Jones Studio

Jones Studio

Tempe, AZ


Mariposa Land Port of Entry

West of Nogales in southern Arizona, the Mariposa Land Port of Entry is one of the busiest land ports in the United States, serving as the entry point for millions of people and billions of dollars in trade between the US and Mexico each year. The original port, built in the 1970s, had become overwhelmed by the growth in traffic and could no longer support the evolving needs of a modern land port of entry. The new port is a study in balancing these needs with the experience of its occupants: necessary surveillance with compassionate interactions, operational efficiency with a healthy work environment, and economic opportunity with sustainable solutions.

Influenced by the smooth, continuous lines of a railroad yard and the contrasting vision of a desert oasis, the site design wraps the port’s utilitarian needs of vehicular and pedestrian processing around a lush central garden for port staff and visitors. Pedestrians are led towards the center of the site along a quiet shaded path to continue their passage north. U.S.-bound vehicular traffic splits at the southern edge of the site, sending private vehicles to the west and commercial vehicles to the east. The central spine of the port is the Oasis, a desert garden running the length of the site that provides respite from the harsh climate and the stress of border protection. Each path crosses the threshold of the new port marking the entry into the country: a canopy of color—red, white, and blue—stretching 1000 feet across the site. This organization, which treats visitors and staff with dignity and streamlined traffic on-site, is now regarded as the model for land port of entry design at the southern border by the GSA and Customs and Border Protection.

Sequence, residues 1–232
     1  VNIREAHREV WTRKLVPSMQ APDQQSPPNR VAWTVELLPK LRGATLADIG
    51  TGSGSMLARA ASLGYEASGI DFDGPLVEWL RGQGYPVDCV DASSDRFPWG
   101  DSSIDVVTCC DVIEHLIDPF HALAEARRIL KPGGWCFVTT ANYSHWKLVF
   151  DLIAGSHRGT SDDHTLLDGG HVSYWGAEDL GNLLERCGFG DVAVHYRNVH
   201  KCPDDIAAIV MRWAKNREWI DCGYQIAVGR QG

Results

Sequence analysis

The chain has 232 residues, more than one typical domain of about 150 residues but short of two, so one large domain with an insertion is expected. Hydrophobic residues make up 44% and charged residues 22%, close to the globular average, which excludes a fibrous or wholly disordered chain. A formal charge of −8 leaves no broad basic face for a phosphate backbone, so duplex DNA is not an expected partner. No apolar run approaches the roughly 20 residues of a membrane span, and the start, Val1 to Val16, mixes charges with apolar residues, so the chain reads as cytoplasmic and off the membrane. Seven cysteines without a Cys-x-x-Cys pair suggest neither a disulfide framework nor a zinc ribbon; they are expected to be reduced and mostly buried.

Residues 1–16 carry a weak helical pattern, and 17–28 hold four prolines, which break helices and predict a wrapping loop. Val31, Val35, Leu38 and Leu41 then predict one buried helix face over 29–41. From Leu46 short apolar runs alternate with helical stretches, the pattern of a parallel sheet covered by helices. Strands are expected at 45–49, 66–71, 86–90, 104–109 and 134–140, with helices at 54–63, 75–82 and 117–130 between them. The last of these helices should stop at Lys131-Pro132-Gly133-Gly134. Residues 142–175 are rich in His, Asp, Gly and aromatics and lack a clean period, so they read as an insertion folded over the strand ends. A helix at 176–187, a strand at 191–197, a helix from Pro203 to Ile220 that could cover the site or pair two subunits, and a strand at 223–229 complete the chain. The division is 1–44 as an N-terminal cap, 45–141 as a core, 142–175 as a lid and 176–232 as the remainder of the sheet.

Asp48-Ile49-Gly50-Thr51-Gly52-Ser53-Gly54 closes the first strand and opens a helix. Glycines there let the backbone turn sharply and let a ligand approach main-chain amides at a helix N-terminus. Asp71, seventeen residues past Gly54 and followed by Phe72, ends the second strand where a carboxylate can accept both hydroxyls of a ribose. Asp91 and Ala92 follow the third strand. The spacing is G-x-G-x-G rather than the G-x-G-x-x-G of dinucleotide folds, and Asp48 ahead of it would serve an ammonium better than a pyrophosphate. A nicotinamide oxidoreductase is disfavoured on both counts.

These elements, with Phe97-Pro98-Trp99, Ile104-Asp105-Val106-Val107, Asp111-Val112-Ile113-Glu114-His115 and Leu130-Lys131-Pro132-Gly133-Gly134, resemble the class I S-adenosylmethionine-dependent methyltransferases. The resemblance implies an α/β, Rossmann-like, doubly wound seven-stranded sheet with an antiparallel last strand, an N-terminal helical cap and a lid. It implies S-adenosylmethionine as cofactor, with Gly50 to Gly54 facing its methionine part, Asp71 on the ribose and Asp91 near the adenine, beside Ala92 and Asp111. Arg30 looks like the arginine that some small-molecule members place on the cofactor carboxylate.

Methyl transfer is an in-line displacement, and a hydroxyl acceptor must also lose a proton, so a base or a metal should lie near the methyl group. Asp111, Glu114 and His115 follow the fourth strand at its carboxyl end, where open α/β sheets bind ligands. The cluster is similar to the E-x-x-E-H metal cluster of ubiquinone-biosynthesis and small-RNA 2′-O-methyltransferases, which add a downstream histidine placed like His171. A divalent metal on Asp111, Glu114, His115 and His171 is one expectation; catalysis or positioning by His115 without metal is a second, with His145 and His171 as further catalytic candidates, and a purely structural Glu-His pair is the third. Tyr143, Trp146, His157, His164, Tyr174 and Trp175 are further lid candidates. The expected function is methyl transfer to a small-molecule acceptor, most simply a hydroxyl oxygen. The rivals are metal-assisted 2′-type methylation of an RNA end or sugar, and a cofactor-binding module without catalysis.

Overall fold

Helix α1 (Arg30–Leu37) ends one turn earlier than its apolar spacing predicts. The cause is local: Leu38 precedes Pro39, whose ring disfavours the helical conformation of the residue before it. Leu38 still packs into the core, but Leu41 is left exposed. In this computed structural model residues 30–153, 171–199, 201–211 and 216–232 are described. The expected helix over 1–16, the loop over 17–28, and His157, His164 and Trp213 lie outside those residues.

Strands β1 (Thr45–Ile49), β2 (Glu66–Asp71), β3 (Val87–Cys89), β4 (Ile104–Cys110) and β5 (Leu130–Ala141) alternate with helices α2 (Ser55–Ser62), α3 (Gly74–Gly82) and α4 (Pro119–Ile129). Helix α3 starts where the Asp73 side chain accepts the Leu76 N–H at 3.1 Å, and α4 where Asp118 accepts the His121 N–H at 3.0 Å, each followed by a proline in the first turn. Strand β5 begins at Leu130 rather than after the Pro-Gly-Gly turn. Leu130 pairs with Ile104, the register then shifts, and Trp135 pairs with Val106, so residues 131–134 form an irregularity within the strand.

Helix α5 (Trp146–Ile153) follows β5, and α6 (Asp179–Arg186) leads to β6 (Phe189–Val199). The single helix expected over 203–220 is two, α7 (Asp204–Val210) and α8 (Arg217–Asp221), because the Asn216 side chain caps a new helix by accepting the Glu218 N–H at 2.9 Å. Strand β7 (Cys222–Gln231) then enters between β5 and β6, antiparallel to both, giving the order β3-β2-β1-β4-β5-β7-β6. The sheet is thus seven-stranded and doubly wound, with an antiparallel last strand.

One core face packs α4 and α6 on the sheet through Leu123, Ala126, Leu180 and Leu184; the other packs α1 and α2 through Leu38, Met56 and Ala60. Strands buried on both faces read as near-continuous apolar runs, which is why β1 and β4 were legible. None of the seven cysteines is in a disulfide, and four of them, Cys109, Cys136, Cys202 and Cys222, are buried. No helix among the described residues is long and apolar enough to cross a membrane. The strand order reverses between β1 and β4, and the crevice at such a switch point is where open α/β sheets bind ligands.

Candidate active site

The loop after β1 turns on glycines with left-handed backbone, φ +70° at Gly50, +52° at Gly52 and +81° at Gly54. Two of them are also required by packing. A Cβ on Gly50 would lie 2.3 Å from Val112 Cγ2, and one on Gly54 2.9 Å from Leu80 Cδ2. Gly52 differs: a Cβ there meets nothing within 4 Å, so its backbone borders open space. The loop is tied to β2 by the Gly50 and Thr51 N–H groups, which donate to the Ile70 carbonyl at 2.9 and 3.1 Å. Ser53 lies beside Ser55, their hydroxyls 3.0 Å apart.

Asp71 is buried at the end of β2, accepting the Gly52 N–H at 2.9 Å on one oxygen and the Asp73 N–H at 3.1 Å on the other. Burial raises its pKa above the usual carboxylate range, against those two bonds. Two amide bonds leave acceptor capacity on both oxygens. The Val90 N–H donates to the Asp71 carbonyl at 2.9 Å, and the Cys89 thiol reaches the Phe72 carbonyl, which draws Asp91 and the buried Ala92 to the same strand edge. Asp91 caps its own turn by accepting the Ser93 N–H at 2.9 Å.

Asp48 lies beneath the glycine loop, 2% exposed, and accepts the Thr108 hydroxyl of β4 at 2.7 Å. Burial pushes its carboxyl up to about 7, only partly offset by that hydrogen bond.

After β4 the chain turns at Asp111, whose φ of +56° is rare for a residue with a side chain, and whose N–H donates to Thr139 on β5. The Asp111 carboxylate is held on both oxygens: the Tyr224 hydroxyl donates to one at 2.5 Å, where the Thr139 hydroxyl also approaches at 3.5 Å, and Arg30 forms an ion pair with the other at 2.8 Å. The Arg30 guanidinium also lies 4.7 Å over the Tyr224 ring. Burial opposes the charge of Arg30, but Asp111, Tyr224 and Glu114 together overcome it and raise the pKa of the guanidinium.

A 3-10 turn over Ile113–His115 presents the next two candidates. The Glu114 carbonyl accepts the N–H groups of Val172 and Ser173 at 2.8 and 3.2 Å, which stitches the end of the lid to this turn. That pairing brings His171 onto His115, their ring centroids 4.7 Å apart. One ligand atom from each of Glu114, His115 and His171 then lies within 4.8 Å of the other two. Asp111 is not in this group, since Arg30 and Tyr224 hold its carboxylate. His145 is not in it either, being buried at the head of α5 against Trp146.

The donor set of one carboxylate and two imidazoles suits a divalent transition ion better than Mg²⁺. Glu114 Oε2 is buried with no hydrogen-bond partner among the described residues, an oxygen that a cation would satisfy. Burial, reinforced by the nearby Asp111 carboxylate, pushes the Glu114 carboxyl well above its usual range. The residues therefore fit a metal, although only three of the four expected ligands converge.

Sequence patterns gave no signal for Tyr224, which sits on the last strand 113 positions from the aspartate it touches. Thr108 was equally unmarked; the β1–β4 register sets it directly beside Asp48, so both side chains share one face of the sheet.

Materials like concrete, steel, and glass reflect the ruggedness of the desert terrain that connects the borderland. A pattern of footprints are cast in the exposed face of the insulated concrete walls, alluding to the journey that many migrants take across the border each day. Canopies, trellises, and roof structures are made from raw, mill finish steel, weathered with a layer of natural rust that protects the steel and patinas over time. Full-height glass connects the interiors with the gardens of the Oasis and round porthole windows are carefully placed to view the surrounding landscape, reminding the port staff of the connection to their natural environment.

Two art installations were commissioned by the GSA as part of their Art in Architecture program. At the southern entry, pedestrians pass under video portraits showing the daily reality of migrants commuting between both countries, exhibiting their journey and the shared culture of the people in the borderland. Leaving the pedestrian processing area, the inverted topography of the Baboquivari Mountain range hangs above those entering into the U.S., marked by a trail indicating the once treacherous passage of people across the landscape. These pieces speak to the connection between the sister cities of Nogales, the people moving across the border daily as an ethereal, transnational population, and to the two bordering countries.

The port is grounded by the concept of a nurturing garden sanctuary in the center of a harsh, arid terrain. The Sonoran Desert climate is characterized by the rare abundance of rainfall in the monsoon season set against the many months of scarcity. One million gallons of rainwater are harvested from the building roofs and site to sustain the plant life throughout the site, including the central Oasis. Passing through moments of generous shade and vibrant landscape, visitors are left with the lasting impression of a humane welcome to the United States.

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Status: Built
Location: Nogales, AZ, US
Firm Role: Architecture, Interiors, Sustainable Design